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When you start a project, you take time to write down all of the assumptions. All of those things that you agree to assume will be taken care of, won’t be taken care of, or will go in a certain way.
But, what about life?
How do your assumptions impact your way of viewing the world? How you interact with others? Your work?
I’ve been noticing how many assumptions we really make in life. And, was surprised to read a book recently where the author casually mentioned that “assumptions are the lowest form of knowledge.” What? Yikes. That is a thought to ponder… and consider.
So, what have you been assuming? And, are those assumptions coming from your own experiences, culture, political leanings, religion, neighborhood, and default understanding of the world.
It could be a time to question these assumptions. Or, at least research to find some evidence for them.
Tune in to hear some of mine.
Episode 133 Transcript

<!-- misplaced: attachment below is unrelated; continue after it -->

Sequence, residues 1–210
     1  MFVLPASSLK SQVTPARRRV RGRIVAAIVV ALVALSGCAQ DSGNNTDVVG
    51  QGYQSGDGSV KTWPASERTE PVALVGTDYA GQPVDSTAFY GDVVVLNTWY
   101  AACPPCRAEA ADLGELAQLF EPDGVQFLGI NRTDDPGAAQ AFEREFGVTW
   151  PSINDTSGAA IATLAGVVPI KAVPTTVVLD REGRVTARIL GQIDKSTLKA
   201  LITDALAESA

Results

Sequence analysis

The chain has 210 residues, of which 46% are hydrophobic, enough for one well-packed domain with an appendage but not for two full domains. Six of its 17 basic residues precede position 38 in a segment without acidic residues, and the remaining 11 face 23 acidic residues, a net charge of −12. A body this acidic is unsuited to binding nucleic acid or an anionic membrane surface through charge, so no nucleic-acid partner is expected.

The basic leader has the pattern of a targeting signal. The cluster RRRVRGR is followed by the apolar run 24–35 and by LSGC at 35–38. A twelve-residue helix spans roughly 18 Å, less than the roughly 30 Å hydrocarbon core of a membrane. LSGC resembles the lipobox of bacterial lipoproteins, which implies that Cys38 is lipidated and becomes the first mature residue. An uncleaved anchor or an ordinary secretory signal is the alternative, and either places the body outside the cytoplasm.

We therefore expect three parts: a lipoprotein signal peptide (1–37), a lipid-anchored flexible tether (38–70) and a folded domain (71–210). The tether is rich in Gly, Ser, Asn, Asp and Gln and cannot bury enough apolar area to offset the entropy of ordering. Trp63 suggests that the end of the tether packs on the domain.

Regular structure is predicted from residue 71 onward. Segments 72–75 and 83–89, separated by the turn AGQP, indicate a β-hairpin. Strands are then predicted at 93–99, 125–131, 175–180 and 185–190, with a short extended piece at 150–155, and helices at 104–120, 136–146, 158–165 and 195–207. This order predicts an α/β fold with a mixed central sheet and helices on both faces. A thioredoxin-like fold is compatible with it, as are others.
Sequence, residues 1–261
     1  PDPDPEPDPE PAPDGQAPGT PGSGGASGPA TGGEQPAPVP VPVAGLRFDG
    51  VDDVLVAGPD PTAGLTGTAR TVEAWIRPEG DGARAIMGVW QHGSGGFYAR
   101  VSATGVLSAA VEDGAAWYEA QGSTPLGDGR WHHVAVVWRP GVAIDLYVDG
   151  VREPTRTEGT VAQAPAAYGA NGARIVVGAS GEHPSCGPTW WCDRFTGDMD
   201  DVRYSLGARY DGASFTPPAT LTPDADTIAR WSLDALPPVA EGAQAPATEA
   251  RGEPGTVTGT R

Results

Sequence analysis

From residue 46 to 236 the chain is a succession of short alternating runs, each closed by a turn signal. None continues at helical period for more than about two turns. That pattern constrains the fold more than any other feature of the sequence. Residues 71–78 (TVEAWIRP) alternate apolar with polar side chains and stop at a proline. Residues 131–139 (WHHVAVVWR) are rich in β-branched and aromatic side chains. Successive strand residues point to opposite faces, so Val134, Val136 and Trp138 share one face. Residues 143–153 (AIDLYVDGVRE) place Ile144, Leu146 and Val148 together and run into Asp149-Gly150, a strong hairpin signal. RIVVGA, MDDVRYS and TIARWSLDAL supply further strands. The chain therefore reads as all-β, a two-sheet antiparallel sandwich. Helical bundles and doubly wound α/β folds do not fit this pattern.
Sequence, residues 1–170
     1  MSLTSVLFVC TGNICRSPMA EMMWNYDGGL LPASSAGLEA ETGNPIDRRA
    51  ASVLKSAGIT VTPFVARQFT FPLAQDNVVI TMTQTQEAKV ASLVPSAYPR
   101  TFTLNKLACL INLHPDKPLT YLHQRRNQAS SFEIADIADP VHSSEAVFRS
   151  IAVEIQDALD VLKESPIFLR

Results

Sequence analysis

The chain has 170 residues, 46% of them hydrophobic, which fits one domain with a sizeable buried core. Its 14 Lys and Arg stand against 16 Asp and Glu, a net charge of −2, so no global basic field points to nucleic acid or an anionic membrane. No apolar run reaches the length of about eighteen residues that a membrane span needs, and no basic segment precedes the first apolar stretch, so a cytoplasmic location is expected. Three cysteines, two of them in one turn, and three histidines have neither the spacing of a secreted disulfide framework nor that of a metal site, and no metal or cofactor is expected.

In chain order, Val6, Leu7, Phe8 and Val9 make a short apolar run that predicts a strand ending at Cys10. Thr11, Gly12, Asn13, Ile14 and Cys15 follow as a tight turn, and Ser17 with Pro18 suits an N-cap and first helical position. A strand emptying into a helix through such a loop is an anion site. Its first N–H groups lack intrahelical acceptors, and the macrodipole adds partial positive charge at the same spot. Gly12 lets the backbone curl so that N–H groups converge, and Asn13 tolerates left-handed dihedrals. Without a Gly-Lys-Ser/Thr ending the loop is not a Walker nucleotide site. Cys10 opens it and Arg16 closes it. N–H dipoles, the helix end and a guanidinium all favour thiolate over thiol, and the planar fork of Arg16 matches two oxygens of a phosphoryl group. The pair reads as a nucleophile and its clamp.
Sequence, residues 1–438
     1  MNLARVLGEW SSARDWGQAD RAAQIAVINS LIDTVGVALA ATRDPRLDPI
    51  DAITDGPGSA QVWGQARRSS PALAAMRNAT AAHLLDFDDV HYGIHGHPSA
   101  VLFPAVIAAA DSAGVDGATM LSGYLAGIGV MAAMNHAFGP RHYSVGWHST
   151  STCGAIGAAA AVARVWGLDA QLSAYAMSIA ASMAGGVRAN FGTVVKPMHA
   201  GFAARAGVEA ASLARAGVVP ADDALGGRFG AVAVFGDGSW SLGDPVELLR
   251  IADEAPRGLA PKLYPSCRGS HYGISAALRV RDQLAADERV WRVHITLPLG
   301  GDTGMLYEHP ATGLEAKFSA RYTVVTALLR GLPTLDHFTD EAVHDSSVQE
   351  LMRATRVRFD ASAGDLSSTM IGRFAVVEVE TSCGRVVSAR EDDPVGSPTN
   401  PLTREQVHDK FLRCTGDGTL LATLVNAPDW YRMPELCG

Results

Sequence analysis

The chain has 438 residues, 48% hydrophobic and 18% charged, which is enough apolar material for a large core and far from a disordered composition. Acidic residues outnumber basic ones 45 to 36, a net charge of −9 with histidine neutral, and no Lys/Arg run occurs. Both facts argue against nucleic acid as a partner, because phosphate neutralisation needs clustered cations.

This is Rebecca Clark Episode 133. The assumptions this podcast is for anyone that knows they haven’t yet found and offered up their best work but are compelled to seek it out and do it. Are you ready to move your desk? Yeah. Once upon a time in a far away land, there was a little girl that was eight years old that wanted to create a lemonade stand. And the far away land was Nebraska and the little girl was little Rebecca and I’ve probably talked about my lemonade stand before because it was such a meaningful experience in my life. I think it was my first very clear attempt at being an entrepreneur. I was very lucky because we had frozen lemonade in the refrigerator. I got to use it. I got to put it in the blender. We’ve got to take out the cups outside, put up a little table, sit out there in our lawn chairs and wait for customers. I made a little sign and the paper boy came by and some neighbors and the twin paper girls. And I think I sold out because I had to go in and make some more lemonade and we were lucky to have some more frozen lemonade. And somewhere in that process, I was standing in the kitchen with my mother and she was talking to me about how I didn’t make as much money as I may have thought from the lemonade stand because I had not considered the price of all the things involved. I had assumed that of course my parents would provide the lemonade and let me use the blender and the cups and napkins and all of these things, but if I had to purchase them to put this lemonade stand out on the street, I probably would have lost money and wouldn’t have any profit. And for some reason that conversation stuck with me now, I wish I could say that from that point forward, I was really good at not assuming things and that I never used anything of my parents or siblings, but that would be wrong. Mm Because I continue to assume that certain things in the house were at my disposal and I would use them and I don’t think I’m alone in that. And as I’ve been thinking about assumptions lately, I’m really surprised at how much we assume on a day to day basis. Even a teenager coming home from school and saying, hey, mom or dad, could I make some cookies? Like I just want something to eat or make a pie, whatever. And the parents say, yeah, we’re assuming the ingredients are there were consuming, that’s the best use of those ingredients in the moment. We’re assuming that this is no problem for the parents And we’re just assuming that just because it’s accessible means it can and should be used by you for your needs. Now you could think, okay, Rebecca that’s a little extreme. At the same time, this is something that comes up a lot in project management because when you walk into a project, you may assume that a client is going to do or not do certain things. I remember working in online product development for years and I was surprised at how many of the government contractors expected the government to purchase their development tools. And as a contractor, I thought it was a little weird and as a government person, I thought I was a little weird because I thought, well if you’re claiming to have this capability, why don’t you already have the tool? Alright. If you say you can develop the stuff, develop it right? You should already have the tool. Well, that’s not the case, right. You can have the skill to actually create products, but that doesn’t mean you have all of the tools available, right? You can be an amazing artist, but you might not have any painter brushes, but the minute someone put some in front of you, you’ll be able to produce something or if you go purchase them, right. But there’s kind of this unused capability until the right tools are made available. And often we’d find out that yes, the course developers had the abilities that they were using other tools. They weren’t using the ones that we wanted them to use. And so it did make sense for us to purchase them and it did make sense for us to maintain the use of them because they were using other tools to help other people, but what they did have with them was the experience and the capabilities to create what they created and whatever tool was provided. But so often we could make these assumptions. You could have someone come to your home right now to fix something in your house and you would assume that they would have all the tools to do the job most likely. What if the guy came to put on the roof and he’s like, oh you know what I thought that you as a homeowner would be providing the nails and the hammer. Mhm. And most of time people be like what I thought you were going to provide it. Now this is very easily remedied by having communications take place right to decide who was providing what and maybe the contractor is providing the nails and the hammer. But they’re going to charge the homeowner for those supplies because they’re involved in producing the roof. But for the convenience of everyone, the rougher will go by those and bring those to the location versus having the homeowner go do it. But these are situations that really point out how much we can assume. And I read a book a few weeks ago, I wish I remember the author’s name but she said in the book assumptions are the lowest form of knowledge. And I wrote that down because I was like wait a second what I really had to think about that for a minute. And then of course I went to my trusty online dictionary which for me basically means just doing a search and whatever comes up is what I read right? But an assumption is a thing that is accepted as true or is certain to happen without proof. That that was so interesting because then what is the difference between assumptions and faith right? There’s a difference. You can think about what you think the differences are right. But faith is hoping for things that aren’t seen and you don’t have proof but you really hope that will happen right? But whatever you have faith in is true. But assumptions could be different. It’s almost like us with assumptions you are assuming someone else is going to take a certain action or someone else is going to provide something which they may or may not be planning on doing. And I am going to assume uh huh that with assumptions we aren’t curious enough to find out if the assumption has any legs on it has any proof. Any evidence. So interesting. So a few weeks ago I wrote down a couple of things on a piece of paper because I thought I was going to talk about assumptions. Then I was curious about assumptions in different parts of life. So for politics I wrote down the assumption that when you say certain things people assume you have certain political views even though there’s all of these issues that could be in each political party. If certain words come out of your mouth in certain ways, people assume you have a certain view. Is that a familiar assumption to you in life? We have assumptions based upon our experiences based upon our culture, what country we live in? Here’s some that I have heard. All kids should play in dirt. All kids should have their own bedroom. The american dream is to own your own home. You need to go to college, you need to get a good job, get a full time job, that’s normal. You should change faster. They should just get over their addiction. Why don’t they just study harder? It would all work out oh it’s cold so they won’t like it, it’s too far. There’s a lot of judgments mixed in with this too with religions, there’s so many assumptions, oh you are this so you must dot dot dot right or oh because you believe this, you’re probably a certain political party or you probably wouldn’t allow this activity or whatever. Now some of these things are actually true. But remember that each person has their own individual choices to make in life regardless of where they live, what their politics are, what their religion is, what their height is or their size. We all have a choice. We’re not all in one blob going all around thinking all the same things hopefully and doing the things just because we associate with a certain group, so many assumptions with work, I see this a lot, assuming the job will be exactly like the job posting or assuming your boss will take time to mentor you or connect you to a good mentor, You assume your boss is going to care about your personal growth in the way you need to grow versus how the organization’s perceives growth should go. And one of the biggest assumption in my line of work is drum roll that you will have a computer the first day of work, I’m laughing because this should not be hard, but I can tell you over the years it’s like this huge miracle when that happens and I don’t care what employer it is right? Like for some reason there’s always some weird mix up with laptops or something, right? People have like two months for a new employee to arrive, they still won’t get it right, they have three weeks, won’t get it right, two weeks, one week, sometimes they get it right when it’s one or two days heads up, it’s crazy how that works. But the assumption is that if you are working in a job that requires technology that you will have a computer the first day of work and that’s just not. So so all of these different assumptions at work, this really hit home to me when I was hearing over and over a few months ago that my child needed room to grow and play and do all these things outside and how Children need big yards and that kind of thing. And I was thinking about it. I’m like, wow, that’s a huge assumption. And that assumption is coming from a culture that valued having homes valued having big yards, that kind of thing. Because guess what the reality in the world is? Most Children do not have a backyard. Most Children do not have their own bedroom. Most Children do not live in a single family home. Look at any documentary where it talks about families are as following anything in the lives of anyone in china or in India or europe or south America anywhere, choose any country. All right. And you will note that most people live in apartments or condo type apartment structures, whether it’s purchased or rented. Most Children in the world do not live in a single family home. That’s super crazy for me to think about because that wipes away a whole lifetime of assumptions right there. When I drive around the Washington Dc area, I notice how many high rises there are that people are living in and if they’re not living in a high rise, they’re living in a town home And the town homes can be anywhere from 200,000 to 3 or four million depending, but they’re still a town home, they’re still stuck to another house with a very small yard and some places are lucky and there’s a local park to go to right there might be a place for kids to play in the dirt. Or people can go to golf courses or they can go to public places to walk along the river. But think about that. Most Children in the world do not live in a single family home. If you do, you are actually quite rare. So fascinating. And that seems like a little thing. But for me, it demonstrated how some things that I just think our facts and don’t even question are actually assumptions. And remember, assumptions are the lowest form of knowledge. I would encourage you today to take some time to think about the conversations you’re having and pay attention to how many assumptions are in those conversations. Are you assuming someone’s life should go a certain way? Are you assuming your life should go a certain way? Are you making assumptions about things? And if you are, that’s okay, we all do it. But to notice and go wait a second, I need to think more about this. I need to be curious about this. Is this really true? Or is this just my perception of the world? And is it okay to have that perception of the world? What I am finding in this process is that if I step back and question myself and my assumptions and pay attention to the assumptions other people are making it actually opens up my mind and I end up blowing my own mind and going, oh, I never questioned that before. Maybe I can question that now. And maybe this will open up the door to more curiosity? Maybe this will open up the door to more understanding of someone that I’m interacting with and realize, oh maybe there’s nothing wrong here. Maybe this is going differently than I expected and maybe that’s okay. Maybe there’s something that can be learned. I am encouraging students to do this with projects. They’re writing down tasks and they think that’s all that needs to be done. I’m like, well, wait, that comment right there assumes that all these other things are taking place, like when they write down, oh, we’ll gather a couple people to help us move the furniture back into the room. Well, that’s a big assumption that people are going to be around, that people are going to be available. Oh, and that they’re gonna want to help you move. Mhm. What’s in it for them? Right. So many assumptions we can default to and we might do that because it’s worked in the past. Or has it maybe we’ve assumed it’s worked because it’s gotten us an immediate outcome we want, but maybe it’s not working long term because maybe those that allowed your assumptions to prevail aren’t willing to do that. Again, So many interesting directions to go with these assumptions. So pay attention this week on the assumptions do you have going on and figure out if those assumptions are serving you or not, and to decide what to do with that? Is it time to gather more evidence or information and make a different choice? Or maybe you just wonder and go, oh, that’s fascinating. I didn’t realize most kids in the world didn’t live in single family homes now. I know. Okay, nothing’s wrong here. That’s just interesting. Oh, how lucky am I that I’m in a house. There’s no reason to think I’m less than because I’m in a town home or an apartment or anything. I’m like a lot of people just figuring out the best way to live and in your work, making sure that you don’t assume that your boss or your co workers are going to be a certain way. Don’t assume that you have certain privileges or don’t assume that it’s this bad everywhere. So many assumptions. Take a look at it and share what you think. Okay, I’ll talk to you soon. Thanks for listening to the show today. If you enjoyed it. I’d love if you’d write a review and share the show with your friends, sign up for a weekly nudge at move your desk dot com. Mhm mm